7 Week Study Program for
"The Bond"

By Lynne McTaggart



Reaching out to the Wider Community

The fastest way to bring disparate people together is through a superordinate goal –a goal only achieved by large cooperative teamwork of two or more people. Engaging in sharing and teamwork tends to transcend differences, because it emphasizes the very heart of humanity—we are all in this together. And if we are all in this together we are no longer competing for scarce resources.

When we work with others for a common purpose, we very quickly and literally get on their wavelength. All of this suggests that coming together in small groups with a superordinate goal provides a social cohesion beyond money, job or size of property.

There are many names for activities like barn-raising; the Native American Cherokees call it gadugi, the Finnish talkoot, and some Americans call it bees. The idea is to pitch in together for a common cause —whether making a quilt, husking corn, or raising a barn — that is difficult or tedious when carried out on your own, or helping out a neighbor in need. In Norway, people engage in dugnad to garden in common greens, or to help build houses, and some organizations arrange an annual dugnad. Other communities work together to create something of value for the entire community.

In the UK, the Coin Street Community Builders, a group of local activists, joined together to successfully oppose large-scale development plans for expensive high-rise housing in a white working-class district of the South Bank along the riverfront of the Thames in London.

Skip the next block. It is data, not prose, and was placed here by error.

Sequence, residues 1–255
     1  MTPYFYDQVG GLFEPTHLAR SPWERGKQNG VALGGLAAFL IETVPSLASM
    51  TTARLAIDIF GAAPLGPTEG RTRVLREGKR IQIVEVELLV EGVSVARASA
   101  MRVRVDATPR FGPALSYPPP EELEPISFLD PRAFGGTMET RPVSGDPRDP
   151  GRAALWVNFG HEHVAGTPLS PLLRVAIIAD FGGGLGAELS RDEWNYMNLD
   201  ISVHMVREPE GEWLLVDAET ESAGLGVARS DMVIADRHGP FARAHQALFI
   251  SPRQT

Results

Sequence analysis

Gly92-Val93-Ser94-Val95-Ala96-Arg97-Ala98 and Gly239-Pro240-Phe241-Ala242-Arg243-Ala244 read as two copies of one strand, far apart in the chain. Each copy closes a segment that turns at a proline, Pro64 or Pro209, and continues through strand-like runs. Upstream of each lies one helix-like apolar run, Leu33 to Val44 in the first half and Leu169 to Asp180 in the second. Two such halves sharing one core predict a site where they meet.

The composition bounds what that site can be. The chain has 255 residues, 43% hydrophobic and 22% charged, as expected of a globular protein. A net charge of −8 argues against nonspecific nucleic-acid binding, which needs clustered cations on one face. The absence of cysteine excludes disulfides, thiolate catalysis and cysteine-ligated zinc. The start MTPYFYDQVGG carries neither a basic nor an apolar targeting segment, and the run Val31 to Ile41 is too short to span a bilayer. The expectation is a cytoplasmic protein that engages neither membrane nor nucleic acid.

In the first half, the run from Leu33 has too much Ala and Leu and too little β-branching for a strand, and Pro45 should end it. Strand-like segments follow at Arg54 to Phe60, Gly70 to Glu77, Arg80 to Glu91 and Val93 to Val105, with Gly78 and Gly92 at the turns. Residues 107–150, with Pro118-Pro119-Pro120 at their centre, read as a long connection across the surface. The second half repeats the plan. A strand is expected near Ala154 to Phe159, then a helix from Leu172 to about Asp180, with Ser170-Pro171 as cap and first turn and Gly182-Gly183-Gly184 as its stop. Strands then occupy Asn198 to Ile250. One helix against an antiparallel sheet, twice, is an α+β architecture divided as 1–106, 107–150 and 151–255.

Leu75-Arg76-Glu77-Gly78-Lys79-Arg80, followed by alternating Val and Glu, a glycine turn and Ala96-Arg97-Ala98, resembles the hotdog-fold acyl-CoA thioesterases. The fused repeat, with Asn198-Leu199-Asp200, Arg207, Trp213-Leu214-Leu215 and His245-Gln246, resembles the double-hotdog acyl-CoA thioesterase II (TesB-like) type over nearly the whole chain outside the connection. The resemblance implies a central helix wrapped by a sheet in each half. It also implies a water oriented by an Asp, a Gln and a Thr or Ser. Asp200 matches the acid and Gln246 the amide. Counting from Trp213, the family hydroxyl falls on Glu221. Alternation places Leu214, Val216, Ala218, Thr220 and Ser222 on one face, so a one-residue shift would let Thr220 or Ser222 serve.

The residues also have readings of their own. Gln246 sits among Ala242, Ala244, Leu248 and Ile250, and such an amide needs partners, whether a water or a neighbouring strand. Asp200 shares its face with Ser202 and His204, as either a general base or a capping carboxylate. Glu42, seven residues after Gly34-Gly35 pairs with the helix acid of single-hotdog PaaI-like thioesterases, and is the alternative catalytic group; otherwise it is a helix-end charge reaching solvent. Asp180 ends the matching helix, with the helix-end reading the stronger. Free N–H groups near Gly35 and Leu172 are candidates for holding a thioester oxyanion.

After creating a center for burgeoning businesses, the community group built state-of-the art public housing and a children’s center by donating some of the profits from the businesses they’d helped to create, including a luxury Harvey Nichols restaurant on the top floor of the Oxo Tower. In this way, the Coin Street group made use of community private capital as a virtuous circle: to fund public services to the less fortunate without the need for a government handout.

13 ways to revitalize your community
• Buy locally
• Take out books from the local library
• Use your local parks
• Plant in community spots
• Form a ‘landscape brigade’: garden or landscape together as a neighborhood
• Organize block parties and pot luck dinners regularly
• Hire local young people
• Cook or bake extra and share around the neighborhood
• Support and help your local schools and consider giving of your time to teach skills to the students
• Look up when you walk and take the time to say hello to everyone
• Walk dogs or job together
• Start a local partnership for your health care, utilities, or any other service – owned by and run by the community.
• Consider making your neighborhood your savings bank. Each contribute a set amount every month with set interest and take turns taking the whole pot every month.